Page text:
Majority is now assured but sceptics remain
By Andrew Swallow
TWO-THIRDS of UK grain is now assured under either the Assured Combinable Crops Scheme or Scottish Quality Cereals, claims administrator UK Food Quality Certification.
But with two harvests home since the launch of the ACCS scheme, many growers remain unconvinced of its value. Some members are considering allowing their subscriptions to lapse, while non-members are in no hurry to sign up.
"It has been a complete and utter waste of time and money," says Suffolk farmer James Foskett. "Not one merchant has asked whether I am assured or not."
Fear of marketing penalties prompted him to join in the first year of the scheme. But no penalties or premiums, have materialised, simply extra cost, he says.
"We are part of the Assured Produce Scheme and Tescos Natures Choice, so we are following all the guidelines. ACCS is just another cost."
For growers with no assurance experience, the scheme could tighten management practices, he concedes.
That is echoed by John Owen, of Acton Piggot, near Shrewsbury, Shropshire. "It is a good discipline, but weve had no advantage when selling grain. Perhaps, in the future, it will be a passport to sell."
Lincs grower Edward Hennell also wants trade recognition soon. "At the moment I feel we have been through quite a bit of red tape for no reward. We have got to reassure the public our food is safe and I would like to think it has been worth it. But so far every merchant I have spoken to since harvest has failed to mentioned it."
On the first farm ever to stump up cash to join the scheme (FW Arable Focus, Feb 27, 1998), Robert Campbell is pondering whether or not to renew membership at Swell Buildings Farm, near Stow-on-the-Wold. "Traders and users dont seem very concerned one way or another.
"Our decision will hinge on the feedback I get from the trade. At the end of the day, with good stores, and the right stuff, the grain will sell either way I suspect."
Berks grower Colin Raynor remains vehemently opposed to the scheme, despite growing 80% milling wheat. "I havent joined and I wont join. I have talked to the merchants I deal with and all have said they will trade with me for harvest 2000. They know we keep our stores better than ACCS standards and if they want to they can come and do a personal check. We do not need to spend £800 on membership."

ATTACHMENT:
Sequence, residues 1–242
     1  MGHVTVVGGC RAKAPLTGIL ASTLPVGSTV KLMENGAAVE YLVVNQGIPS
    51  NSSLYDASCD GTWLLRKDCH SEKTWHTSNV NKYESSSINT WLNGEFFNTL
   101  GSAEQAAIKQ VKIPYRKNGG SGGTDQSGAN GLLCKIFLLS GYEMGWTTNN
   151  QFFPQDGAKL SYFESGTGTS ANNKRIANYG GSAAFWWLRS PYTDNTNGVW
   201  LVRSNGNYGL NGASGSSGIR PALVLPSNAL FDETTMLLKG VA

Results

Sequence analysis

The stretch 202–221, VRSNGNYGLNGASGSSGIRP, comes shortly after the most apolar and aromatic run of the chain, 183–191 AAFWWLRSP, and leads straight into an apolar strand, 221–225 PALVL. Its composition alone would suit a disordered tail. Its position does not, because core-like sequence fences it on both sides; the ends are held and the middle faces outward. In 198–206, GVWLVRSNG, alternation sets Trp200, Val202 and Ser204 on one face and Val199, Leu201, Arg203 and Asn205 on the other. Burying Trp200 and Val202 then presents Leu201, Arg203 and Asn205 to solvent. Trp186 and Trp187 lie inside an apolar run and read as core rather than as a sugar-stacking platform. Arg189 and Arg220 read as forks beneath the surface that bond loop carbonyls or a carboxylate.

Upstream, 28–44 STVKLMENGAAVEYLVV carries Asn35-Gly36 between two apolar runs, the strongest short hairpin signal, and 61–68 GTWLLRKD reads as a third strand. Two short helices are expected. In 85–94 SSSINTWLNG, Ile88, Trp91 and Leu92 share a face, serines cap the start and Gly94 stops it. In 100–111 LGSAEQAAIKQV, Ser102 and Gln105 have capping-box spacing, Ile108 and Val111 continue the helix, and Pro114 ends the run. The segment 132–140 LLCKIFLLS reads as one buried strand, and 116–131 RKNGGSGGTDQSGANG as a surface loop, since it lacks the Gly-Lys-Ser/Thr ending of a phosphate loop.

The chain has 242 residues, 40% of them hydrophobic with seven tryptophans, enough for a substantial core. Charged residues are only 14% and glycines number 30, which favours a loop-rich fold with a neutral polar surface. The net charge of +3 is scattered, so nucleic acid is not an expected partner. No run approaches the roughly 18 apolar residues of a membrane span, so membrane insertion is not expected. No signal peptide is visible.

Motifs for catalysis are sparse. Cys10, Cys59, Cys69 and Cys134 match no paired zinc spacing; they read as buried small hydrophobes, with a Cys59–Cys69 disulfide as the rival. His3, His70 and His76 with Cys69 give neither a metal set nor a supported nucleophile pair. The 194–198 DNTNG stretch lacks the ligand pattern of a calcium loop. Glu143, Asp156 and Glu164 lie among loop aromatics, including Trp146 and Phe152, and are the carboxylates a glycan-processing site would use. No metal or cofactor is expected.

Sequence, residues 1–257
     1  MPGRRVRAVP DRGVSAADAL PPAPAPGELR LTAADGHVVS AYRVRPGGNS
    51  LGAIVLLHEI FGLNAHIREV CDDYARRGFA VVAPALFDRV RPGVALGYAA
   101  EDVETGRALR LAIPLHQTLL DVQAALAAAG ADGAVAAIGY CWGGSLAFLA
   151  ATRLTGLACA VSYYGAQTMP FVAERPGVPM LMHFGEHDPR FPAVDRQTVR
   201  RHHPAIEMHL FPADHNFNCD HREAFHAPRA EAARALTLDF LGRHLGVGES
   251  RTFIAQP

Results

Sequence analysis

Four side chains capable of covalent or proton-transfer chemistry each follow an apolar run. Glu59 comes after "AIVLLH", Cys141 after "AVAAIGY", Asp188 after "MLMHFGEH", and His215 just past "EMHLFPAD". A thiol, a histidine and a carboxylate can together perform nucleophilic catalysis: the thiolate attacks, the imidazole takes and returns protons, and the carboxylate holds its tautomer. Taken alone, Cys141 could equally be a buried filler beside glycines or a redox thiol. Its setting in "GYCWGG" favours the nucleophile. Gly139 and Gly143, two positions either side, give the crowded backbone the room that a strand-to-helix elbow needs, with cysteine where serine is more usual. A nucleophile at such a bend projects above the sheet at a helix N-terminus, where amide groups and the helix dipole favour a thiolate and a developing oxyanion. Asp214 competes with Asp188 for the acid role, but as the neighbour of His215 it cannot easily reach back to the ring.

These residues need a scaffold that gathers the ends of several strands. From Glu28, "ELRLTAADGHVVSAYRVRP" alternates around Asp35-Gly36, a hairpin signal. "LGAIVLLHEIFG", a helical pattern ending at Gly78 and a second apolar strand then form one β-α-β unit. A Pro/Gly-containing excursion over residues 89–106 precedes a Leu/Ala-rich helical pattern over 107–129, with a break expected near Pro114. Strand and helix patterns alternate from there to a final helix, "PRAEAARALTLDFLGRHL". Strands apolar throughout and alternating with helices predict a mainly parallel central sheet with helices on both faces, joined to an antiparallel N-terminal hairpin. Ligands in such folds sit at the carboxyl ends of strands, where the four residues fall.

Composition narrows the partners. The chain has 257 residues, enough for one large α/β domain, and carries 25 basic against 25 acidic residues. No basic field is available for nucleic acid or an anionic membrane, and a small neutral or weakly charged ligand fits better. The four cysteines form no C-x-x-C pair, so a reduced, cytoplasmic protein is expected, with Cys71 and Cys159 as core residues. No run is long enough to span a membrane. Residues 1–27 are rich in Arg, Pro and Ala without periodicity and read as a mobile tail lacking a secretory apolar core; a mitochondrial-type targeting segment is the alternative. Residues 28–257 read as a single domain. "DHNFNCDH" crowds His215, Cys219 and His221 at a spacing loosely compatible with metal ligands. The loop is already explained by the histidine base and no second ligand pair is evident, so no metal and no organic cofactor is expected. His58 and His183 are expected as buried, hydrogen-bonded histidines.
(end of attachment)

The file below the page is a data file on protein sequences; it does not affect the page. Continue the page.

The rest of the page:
Allowing a private, profit-making organisation to administrate the scheme was a big mistake and ACCS standards do not go far enough, he believes. "The NFU made a horrendous error of judgement. Assurance hasnt saved the pig, sheep or beef industry."
Beds grower Thomas Beazley hasnt joined the scheme either, and reckons a £3/t premium would be required to cover membership fee and extra administration costs due to ACCS on his 280ha (700 acre) farm.
Chairman of the ACCS board of directors, Johnathon Tipples, remains adamant ACCS is the way forward for most growers and says renewal charges are being reviewed.
"We have asked UKFQC to come to us with proposals on charges, and the board will look at them when we meet in November. Lower renewal fees would certainly be favoured – we feel it is only fair to support those who have supported us."
No ACCS board members have shareholdings in UKFQC, or receive payment for their services on the ACCS board, Mr Tipples stresses.
• Growers registered with ACCS are asked to make sure all passports have the ACCS sticker attached. "The millers and compounders are not picking up the number of stickers they would expect. If ACCS is to be an advantage in the end, we need to convince buyers that there is enough assured grain available."